A3 The Clinical Meaning of Family Reported Outcome Measure (FROM-16) Scores: Translational Research to Support Holistic Clinical Practice
*1Rubina Shah, 2Faraz M Ali, 2Stuart J Nixon, 3Kennedy Otwombe, 1John R Ingram, 4,5Sam S Salek, 1Andrew Y Finlay
1Cardiff University, Cardiff, United Kingdom. 2MS society Cardiff, Cardiff, United Kingdom. 3University of the Witwatersrand, Johannesburg, South Africa. 4University of Hertfordshire, Hatfield, United Kingdom. 5Institute of Medicines Development, Cardiff, United Kingdom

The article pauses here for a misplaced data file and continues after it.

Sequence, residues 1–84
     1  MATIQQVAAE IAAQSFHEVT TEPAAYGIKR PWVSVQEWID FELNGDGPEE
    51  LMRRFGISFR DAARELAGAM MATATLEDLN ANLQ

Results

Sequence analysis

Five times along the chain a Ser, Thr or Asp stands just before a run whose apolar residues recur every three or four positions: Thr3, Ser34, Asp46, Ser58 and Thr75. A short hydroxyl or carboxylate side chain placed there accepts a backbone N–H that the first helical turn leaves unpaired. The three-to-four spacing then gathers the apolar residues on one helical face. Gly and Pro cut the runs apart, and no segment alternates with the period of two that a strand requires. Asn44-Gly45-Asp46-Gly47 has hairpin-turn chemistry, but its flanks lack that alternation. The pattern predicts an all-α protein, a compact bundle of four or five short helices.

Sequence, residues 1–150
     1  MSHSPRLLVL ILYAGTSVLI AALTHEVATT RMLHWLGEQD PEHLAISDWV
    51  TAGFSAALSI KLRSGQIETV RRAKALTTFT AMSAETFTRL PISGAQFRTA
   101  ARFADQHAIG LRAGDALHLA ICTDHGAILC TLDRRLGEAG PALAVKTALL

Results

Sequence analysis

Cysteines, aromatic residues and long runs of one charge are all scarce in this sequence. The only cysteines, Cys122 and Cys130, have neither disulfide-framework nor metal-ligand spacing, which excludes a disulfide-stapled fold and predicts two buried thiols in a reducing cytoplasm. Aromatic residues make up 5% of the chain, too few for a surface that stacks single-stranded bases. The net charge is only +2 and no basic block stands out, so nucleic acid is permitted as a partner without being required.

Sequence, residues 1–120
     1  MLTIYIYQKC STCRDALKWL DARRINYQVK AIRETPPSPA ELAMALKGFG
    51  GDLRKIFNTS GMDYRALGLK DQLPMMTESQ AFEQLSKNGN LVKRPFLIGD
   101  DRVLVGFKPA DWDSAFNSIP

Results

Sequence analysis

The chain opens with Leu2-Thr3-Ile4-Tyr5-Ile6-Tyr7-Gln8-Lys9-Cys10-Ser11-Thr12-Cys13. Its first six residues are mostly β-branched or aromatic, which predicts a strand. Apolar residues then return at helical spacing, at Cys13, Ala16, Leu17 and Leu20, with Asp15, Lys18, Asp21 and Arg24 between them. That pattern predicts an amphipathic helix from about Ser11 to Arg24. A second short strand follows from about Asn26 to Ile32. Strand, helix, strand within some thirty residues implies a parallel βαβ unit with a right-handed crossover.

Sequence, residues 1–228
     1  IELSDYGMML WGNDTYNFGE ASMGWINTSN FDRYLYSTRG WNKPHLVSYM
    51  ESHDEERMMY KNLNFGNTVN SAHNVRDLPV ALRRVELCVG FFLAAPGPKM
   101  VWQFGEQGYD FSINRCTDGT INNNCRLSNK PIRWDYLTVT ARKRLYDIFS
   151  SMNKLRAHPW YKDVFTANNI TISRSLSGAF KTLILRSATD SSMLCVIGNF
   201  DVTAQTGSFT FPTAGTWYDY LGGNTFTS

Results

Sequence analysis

Background: The major secondary burden of having a partner or family member with a health condition is often ignored, but now can be measured with the generic Family Reported Outcome Measure (FROM-16). Family burden data may contribute to assessment in value-based healthcare research. Aim: The aim was to develop score bands using the anchor-based approach in order to assign clinical meaning to FROM-16 scores. Methods: A cross-sectional online study recruited family members of patients with different health conditions through 58 UK-based patient support groups, research support platforms (HealthWise Wales, Autism Research Centre Cambridge University database, Join Dementia Research) and Welsh social services departments. Family members completed the FROM-16 and a 5-point Likert scale Global Question (GQ) concerning overall impact of their relative's health condition on their quality of life. Multiple FROM-16 band sets were devised by mapping mean, median and mode of the GQ scores against each FROM-16 score and ROC-AUC cut off values. The band set with the best agreement with GQ score based on weighted Kappa (WK) was selected. Results: A total of 4,413 family members/partners (male = 1533, 34.7%; female = 2858, 64.8%, unknown = 16, 0.4%; other = 6, 0.14%) of patients (male = 1994, 45.2%; female = 2400, 54.4%; unknown = 12, 0.3%; other = 7, 0.16%) with > 200 health conditions across 27 medical specialities completed the survey: mean FROM-16 score = 15.02 (range 0–32, SD = 8.08), mean GQ score = 2.32 (range 0–4, SD = 1.08). The proposed FROM-16 score bands are 0–1 = no effect on family member; 2–8 = small effect; 9–16 = moderate effect; 17–25 = very large effect; 26–32 = extremely large effect on family members (WK = 0.596). Conclusions: The resultant FROM-16 score bands provide new information to clinicians and researchers about how to clinically interpret scores and score changes, allowing better informed treatment decisions for patients and their families. The FROM-16’s score bands and short administration time demonstrate its potential to support clinical practice and health service research. The now meaningful information from the use of FROM-16 can be used to measure and understand more globally the wider burden of disease.